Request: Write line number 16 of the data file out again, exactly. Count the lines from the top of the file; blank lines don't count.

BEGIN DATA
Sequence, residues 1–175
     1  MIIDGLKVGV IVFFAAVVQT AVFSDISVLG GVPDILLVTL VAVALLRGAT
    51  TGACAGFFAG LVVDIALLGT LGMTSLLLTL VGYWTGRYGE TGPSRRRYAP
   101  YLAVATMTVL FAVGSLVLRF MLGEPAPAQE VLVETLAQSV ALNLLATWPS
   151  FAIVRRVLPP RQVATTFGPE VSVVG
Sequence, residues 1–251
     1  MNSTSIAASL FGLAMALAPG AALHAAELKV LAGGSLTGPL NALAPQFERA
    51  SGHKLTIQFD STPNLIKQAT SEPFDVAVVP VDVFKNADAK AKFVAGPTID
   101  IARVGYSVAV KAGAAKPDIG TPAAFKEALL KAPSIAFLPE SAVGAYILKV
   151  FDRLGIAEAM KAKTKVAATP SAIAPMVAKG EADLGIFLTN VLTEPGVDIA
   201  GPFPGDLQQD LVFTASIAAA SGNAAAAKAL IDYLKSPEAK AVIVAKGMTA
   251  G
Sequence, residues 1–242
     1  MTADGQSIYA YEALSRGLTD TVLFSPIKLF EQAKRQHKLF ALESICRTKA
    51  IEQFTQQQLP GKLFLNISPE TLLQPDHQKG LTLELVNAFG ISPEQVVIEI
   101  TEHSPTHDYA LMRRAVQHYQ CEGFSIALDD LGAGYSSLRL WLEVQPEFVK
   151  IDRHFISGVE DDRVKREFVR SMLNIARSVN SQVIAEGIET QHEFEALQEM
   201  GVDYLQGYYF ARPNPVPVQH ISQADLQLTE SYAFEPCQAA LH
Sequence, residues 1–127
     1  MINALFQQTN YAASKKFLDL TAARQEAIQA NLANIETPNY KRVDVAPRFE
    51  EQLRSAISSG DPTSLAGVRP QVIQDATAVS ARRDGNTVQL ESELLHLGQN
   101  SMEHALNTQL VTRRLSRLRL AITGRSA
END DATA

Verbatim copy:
   101  TEHSPTHDYA LMRRAVQHYQ CEGFSIALDD LGAGYSSLRL WLEVQPEFVK